Parsing KML in Java using JavaApiForKml.jar

KML(Keyhole markup language)

KML(Keyhole markup language) is a file format used to display geographic data in an Earth browser such as Google Earth, Google Maps, and Google Maps for mobile. KML uses a tag-based structure with nested elements and attributes and is based on the XML standard. All tags are case-sensitive and must be appear exactly as they are listed in the KML Reference. The Reference indicates which tags are optional. Within a given element, tags must appear in the order shown in the Reference.(From google doc: https://developers.google.com/kml/documentation/kml_tut)

Sample kml file:

<?xml version="1.0"?>
<kml xmlns="http://earth.google.com/kml/2.1">
<Document>
<name>Images from 2012-04-19T03:00:00Z UTC to 2012-04-19T03:00:00Z UTC</name>
<open>1</open>
<Folder>
<name>Channel 1</name>
<GroundOverlay>
<LookAt>
<heading>0</heading>
<latitude>10.00</latitude>
<longitude>96.00</longitude>
<tilt>0</tilt>
</LookAt>
<name>2012-04-19T03:00:00Z</name>
<visibility>0</visibility>
<Icon>
<href>http://tt.jpg</href>
</Icon>
<LatLonBox>
<north>25</north>
<south>-5</south>
<east>116</east>
<west>76</west>
</LatLonBox>
<TimeSpan>
<begin>2012-04-19T02:00:00Z</begin>
<end>2012-04-19T03:00:00Z</end>
</TimeSpan>
</GroundOverlay>
</Folder>
</Document>

Parsing KML using JavaApiForKml:
1. Download JavaApiForKml.jar from: http://code.google.com/p/javaapiforkml/
2. Add JavaApiForKml.jar in your java project
3. Check out following code to parsing KML

package com.kml;

import de.micromata.opengis.kml.v_2_2_0.Document;
import de.micromata.opengis.kml.v_2_2_0.Feature;
import de.micromata.opengis.kml.v_2_2_0.Folder;
import de.micromata.opengis.kml.v_2_2_0.GroundOverlay;
import de.micromata.opengis.kml.v_2_2_0.Kml;
import de.micromata.opengis.kml.v_2_2_0.LatLonBox;
import de.micromata.opengis.kml.v_2_2_0.LookAt;
import java.io.File;
import java.util.List;

/**
 *
 * @author Shaiful Isalam(palash)
 */
public class KMLTest {

    public static void main(String[] args) {
        System.out.println("This is KML test");
        final Kml kml = Kml.unmarshal(new File("F:\\Custom.kml"));
        final Document document = (Document)kml.getFeature();
        System.out.println(document.getName());
        List<Feature> t = document.getFeature();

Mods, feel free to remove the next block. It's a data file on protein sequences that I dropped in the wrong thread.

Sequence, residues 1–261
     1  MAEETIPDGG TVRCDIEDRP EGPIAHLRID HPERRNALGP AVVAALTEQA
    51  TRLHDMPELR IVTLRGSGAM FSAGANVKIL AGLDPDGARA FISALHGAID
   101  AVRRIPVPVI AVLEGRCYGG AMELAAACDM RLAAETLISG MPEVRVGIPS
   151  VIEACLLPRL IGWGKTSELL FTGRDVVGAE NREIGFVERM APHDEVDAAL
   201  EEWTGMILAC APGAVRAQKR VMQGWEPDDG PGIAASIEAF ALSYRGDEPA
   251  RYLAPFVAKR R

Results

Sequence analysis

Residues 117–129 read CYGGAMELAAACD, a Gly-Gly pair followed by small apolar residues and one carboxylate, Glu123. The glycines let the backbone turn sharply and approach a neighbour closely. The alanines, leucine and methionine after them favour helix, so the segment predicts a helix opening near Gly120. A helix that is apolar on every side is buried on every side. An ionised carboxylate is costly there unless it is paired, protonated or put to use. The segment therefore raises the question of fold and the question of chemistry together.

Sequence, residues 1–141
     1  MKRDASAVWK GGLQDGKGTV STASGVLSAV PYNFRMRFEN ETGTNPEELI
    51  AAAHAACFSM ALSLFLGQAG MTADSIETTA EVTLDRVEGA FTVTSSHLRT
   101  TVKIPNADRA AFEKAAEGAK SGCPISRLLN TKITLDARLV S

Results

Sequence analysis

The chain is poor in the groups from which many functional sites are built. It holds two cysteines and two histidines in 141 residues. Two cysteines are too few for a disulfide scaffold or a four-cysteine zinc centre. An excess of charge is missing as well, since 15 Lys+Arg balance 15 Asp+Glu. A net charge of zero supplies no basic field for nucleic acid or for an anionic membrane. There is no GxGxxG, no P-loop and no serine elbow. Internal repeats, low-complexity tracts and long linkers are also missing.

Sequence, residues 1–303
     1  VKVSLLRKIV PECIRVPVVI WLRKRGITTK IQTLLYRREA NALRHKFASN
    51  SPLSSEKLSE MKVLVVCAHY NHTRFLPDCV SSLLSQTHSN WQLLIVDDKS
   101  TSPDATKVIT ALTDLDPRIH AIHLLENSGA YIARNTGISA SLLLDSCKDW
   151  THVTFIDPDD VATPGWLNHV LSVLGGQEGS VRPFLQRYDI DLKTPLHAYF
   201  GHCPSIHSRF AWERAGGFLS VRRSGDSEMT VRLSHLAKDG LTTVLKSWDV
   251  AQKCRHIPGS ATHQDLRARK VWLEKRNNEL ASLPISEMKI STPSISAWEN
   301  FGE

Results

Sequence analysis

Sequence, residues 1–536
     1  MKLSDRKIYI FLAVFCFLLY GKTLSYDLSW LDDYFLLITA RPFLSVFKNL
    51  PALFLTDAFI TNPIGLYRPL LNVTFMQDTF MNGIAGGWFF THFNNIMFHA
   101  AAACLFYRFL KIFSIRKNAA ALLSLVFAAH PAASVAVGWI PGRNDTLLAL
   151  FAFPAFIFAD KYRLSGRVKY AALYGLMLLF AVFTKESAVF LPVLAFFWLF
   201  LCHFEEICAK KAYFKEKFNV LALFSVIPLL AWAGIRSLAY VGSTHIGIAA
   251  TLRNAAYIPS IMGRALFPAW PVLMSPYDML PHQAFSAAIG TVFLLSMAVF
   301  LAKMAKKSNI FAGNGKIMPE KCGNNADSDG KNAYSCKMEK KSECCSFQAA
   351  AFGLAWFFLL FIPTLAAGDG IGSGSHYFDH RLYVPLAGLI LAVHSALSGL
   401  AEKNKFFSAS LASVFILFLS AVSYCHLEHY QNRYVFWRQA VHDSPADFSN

for(Object o : t){
            Folder f = (Folder)o;
            List<Feature> tg = f.getFeature();
            for(Object ftg : tg){
                GroundOverlay g = (GroundOverlay) ftg;
                LatLonBox l = g.getLatLonBox();
                System.out.println(l.getNorth() );
                LookAt lk = (LookAt)g.getAbstractView();
                System.out.println(lk.getLatitude());                
            }
        }
        

    }
}
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Registry 32-bit dll file in 64-bit OS(windows7)

To registry dll file into windows 7, at first you have to open command prompt(cmd) with administrative power. To gain administrative power please follow the screen shot

Registry 32-bit dll file in 32-bit OS/Registry dll file in OS:
  • Go to c:\windows\system32 folder using Command prompt.
  • Write regsvr32 yourdll.dll

Registry 32-bit dll file in 64-bit OS:
  • Go to c:\windows\SysWOW64 folder using Command prompt.
  • Write regsvr32 yourdll.dll

 

How to override hashCode() in ideal way #Java

Following steps can be followed to override java hashCode() in ideal way

1. Store some constant nonzero value, say 17, in an int variable called result

2. For each significant field f in your object (each field taken into account by the equals method, that is), do the following:

a. Compute an int hash code c for the field:

i) If the field is a boolean, compute (f ? 0 : 1)
ii) If the field is a byte, char, short, or int, compute (int)f.
iii) If the field is long, compute (int)(f^(f>>>32)).
iv) If the field is a float compute Float.floatToIntBits(f).
v) If the field is a double, compute Double.doubleToLongBits(f), and then hash the resulting long as in step 2.a.iii.
vi) If the field is an object reference and this class’s equals method compares the field by recursively invoking equals, recursively invoke hashCode on the field. If a more complex comparison is required, compute a “canonical representation” for this field and invoke hashCode on the canonical representation. If the value of the field is null, return 0.
vii) If the field is an array, treat it as if each element were a separate field. That is, compute a hash code for each significant element by applying these rules recursively, and combine these values as described in step 2.b.

b. Combine the hash code c computed in step a into result as follows: result = 37 * result + c;

3. Return result

4. When you done writing the hashCode method, ask yourself whether equal instances have equal hash codes. If not, figure out why and fix the problem.

An example of hashCode():

    @Override
    public int hashCode(){
        int result = 17 + Float.floatToIntBits(re);
        result = 37 * result + Float.floatToIntBits(im);
        return  result;
    }